Academic and curator Paul O’Neill has focussed on the division between artist and curator. Many arguments in this discourse have yearned for a cultural value of the artist over the curator, that the artist’s word should be taken over the curator. Writer Gertrud Sandqvist has a counter argument on this mentality, she suggests that the curated exhibition should not reflect the identity of the curator or of the artist, and that the artist and curator risk becoming a trademark of each other. In Loney Abrams' (2013) appraisal of O’Neill's analysis, he contends that O'Neill does not adequately address the role the curator has in our understanding of an artwork if we view it online rather than in the gallery space. Abrams addresses this missing scenario through a set of questions:

If we primarily come to know art online, then what role does online curation play in the contemporary art world? Have bloggers initiated a de-professionalization of curating? And how does contemporary curating not only reflect the way in which we see work, but also present artworks whose medium is virtual and web-based? - Abrams.

Maria Lind proposes a hybrid approach in which the role of the curator, whom she names instead as the provider. This role combines what the curator provides, which is a means of creating possibilities for producing and exhibiting art, from someone who digests, historical and contemporary culture, helping to exhibit new work and being able to separate other works of artists so that they are not too similar with the position of the creator. The creator discerns patterns and poses questions, makes suggestions and strives to make exhibitions more than the sum of their parts (fig 5).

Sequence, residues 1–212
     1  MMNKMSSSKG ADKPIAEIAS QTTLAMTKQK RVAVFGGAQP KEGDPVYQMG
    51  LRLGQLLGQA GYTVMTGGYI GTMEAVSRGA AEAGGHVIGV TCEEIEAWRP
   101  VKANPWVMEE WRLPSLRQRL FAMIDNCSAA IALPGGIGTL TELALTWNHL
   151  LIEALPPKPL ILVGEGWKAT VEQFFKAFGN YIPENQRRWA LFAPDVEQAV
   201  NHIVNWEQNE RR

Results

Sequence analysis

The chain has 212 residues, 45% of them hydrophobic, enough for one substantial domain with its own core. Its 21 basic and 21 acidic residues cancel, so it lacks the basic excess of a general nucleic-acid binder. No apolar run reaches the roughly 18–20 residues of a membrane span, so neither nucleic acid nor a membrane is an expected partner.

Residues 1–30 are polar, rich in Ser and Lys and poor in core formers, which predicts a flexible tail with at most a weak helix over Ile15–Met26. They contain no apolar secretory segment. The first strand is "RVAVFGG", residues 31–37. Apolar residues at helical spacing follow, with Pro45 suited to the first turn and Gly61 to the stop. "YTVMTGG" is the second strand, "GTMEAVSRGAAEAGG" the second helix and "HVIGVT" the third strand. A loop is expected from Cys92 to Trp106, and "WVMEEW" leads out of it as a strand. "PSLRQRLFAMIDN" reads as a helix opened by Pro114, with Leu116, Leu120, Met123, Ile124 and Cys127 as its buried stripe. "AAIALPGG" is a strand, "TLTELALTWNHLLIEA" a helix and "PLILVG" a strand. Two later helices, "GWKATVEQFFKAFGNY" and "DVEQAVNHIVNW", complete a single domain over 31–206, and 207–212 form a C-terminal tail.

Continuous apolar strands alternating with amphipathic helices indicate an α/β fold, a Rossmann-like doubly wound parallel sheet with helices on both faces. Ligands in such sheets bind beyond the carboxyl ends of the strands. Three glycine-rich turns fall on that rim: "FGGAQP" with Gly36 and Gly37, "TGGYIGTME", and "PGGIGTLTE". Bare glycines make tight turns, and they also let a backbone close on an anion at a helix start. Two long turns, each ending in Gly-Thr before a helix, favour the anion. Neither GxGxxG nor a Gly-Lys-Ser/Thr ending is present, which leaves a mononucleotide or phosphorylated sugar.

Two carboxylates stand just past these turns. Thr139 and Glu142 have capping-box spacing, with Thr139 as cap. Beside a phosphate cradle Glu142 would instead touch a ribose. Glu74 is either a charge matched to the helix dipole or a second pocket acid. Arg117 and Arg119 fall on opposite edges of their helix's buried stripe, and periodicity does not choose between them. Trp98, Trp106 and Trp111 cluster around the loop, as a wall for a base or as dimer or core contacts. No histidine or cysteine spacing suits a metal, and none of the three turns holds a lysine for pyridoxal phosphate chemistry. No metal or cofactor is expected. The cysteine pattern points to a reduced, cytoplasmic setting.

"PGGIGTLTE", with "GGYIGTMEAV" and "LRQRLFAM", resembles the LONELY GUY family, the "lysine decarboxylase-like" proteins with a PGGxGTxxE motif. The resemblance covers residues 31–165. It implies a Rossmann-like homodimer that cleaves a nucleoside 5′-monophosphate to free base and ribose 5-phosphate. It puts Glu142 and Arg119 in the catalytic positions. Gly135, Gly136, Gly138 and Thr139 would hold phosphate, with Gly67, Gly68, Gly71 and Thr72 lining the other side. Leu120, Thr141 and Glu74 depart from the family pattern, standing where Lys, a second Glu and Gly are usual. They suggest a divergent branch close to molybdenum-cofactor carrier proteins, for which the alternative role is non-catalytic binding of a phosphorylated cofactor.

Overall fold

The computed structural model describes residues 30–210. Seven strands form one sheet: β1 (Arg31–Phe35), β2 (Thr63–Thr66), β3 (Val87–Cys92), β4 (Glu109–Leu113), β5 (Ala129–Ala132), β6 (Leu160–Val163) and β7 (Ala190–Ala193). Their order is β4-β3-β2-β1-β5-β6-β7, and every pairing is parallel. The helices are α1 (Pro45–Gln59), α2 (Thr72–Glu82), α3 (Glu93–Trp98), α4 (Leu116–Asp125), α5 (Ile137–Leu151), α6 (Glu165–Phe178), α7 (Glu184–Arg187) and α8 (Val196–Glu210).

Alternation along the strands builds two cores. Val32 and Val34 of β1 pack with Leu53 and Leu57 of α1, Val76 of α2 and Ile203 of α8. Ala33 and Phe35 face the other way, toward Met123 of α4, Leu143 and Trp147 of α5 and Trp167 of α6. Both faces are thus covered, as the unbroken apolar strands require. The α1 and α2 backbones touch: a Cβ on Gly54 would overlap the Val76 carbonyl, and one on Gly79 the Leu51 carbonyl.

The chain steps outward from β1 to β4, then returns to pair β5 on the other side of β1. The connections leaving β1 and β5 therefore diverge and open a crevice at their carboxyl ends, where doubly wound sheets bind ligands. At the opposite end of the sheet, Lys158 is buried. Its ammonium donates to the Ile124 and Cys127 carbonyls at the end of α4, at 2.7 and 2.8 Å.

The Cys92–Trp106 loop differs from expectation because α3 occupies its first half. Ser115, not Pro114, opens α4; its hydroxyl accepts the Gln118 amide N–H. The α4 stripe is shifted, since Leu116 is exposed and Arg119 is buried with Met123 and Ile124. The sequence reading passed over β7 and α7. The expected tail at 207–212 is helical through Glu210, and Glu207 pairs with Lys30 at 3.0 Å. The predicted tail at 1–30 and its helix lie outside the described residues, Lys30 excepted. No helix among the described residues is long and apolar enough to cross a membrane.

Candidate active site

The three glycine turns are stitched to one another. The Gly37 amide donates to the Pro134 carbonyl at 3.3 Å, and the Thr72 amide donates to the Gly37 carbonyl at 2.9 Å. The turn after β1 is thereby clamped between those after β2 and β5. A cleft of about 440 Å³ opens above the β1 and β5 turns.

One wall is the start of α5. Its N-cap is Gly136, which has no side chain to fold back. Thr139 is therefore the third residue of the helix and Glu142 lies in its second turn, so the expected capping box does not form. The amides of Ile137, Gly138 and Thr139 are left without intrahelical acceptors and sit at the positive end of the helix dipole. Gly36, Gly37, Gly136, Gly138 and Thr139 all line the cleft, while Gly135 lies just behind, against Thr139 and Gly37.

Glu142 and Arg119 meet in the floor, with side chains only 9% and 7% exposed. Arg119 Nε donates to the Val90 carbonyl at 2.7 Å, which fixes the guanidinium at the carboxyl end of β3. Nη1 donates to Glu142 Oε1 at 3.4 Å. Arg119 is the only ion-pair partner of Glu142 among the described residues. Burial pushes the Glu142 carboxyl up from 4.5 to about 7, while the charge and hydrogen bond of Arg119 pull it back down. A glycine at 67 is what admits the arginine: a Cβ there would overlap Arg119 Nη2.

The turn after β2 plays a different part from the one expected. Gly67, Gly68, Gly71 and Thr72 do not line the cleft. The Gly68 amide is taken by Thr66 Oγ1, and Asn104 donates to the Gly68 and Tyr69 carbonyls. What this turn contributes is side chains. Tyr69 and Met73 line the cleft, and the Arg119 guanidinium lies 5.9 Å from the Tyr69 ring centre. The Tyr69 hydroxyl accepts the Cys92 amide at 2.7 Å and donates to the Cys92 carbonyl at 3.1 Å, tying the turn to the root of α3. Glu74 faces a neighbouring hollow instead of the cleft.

Lind sees the exhibition as a discussion between the audiences and those involved in its creation. Since Lind presented this concept, it has become common to hear mainstream museums refer to their part in the broader cultural conversation globally (Artists and Curators, 2014).


Kerrigan, D. (2020) 'Pedagogical openness' in Curating Photography: Poolside. TU Dublin: BA Photography [Online]. Available at


Abrams, L. (2013) ‘The Culture of Curating and the Curating of Culture(s)’, The Brooklyn Rail, Available at:

Another Story Photography from Modern Museet Collection (2012) Available at: (Accessed: 17 April 2020)

Artists and Curators (2014) Available at: (Accessed 31 March 2020).

Museum21 Symposium at IMMA (2008) Available at: (Accessed: 21 April 2020)

O’Neill, P. (2012) ‘Curating as a Medium of Artistic Practice’ in The Culture of Curating and the Curating of Culture(s), pp 126-129.

PhotoIreland (2019) Photography and the Museum: Contradictory Histories and Contemporary Perspectives. Available at (Accessed 31 March 2020).

Tellgren, A. (2018) ‘Exhibiting a Collection of Photography’ in Why Exhibit? Positions on Exhibiting Photographies, Eds. Anna-Kaisa Rastenberger and Iris Sikking, pp 255-267


Figs 1 Cameron, J. M. (1866). The Mountain Nymph, Sweet Liberty.

Fig 2 Sherman, C. Untitled #470 (2008) Courtesy of the Artist and Metro Pictures.

Fig 3 Bates, T. (2018) Review of online learning: open pedagogy. Available at

Fig 4 Workshops at Gallery of Photography, Dublin. Available at:

Fig 5 Qiong li (n.d.) How to work with galleries and collectors as emerging artists. Available at: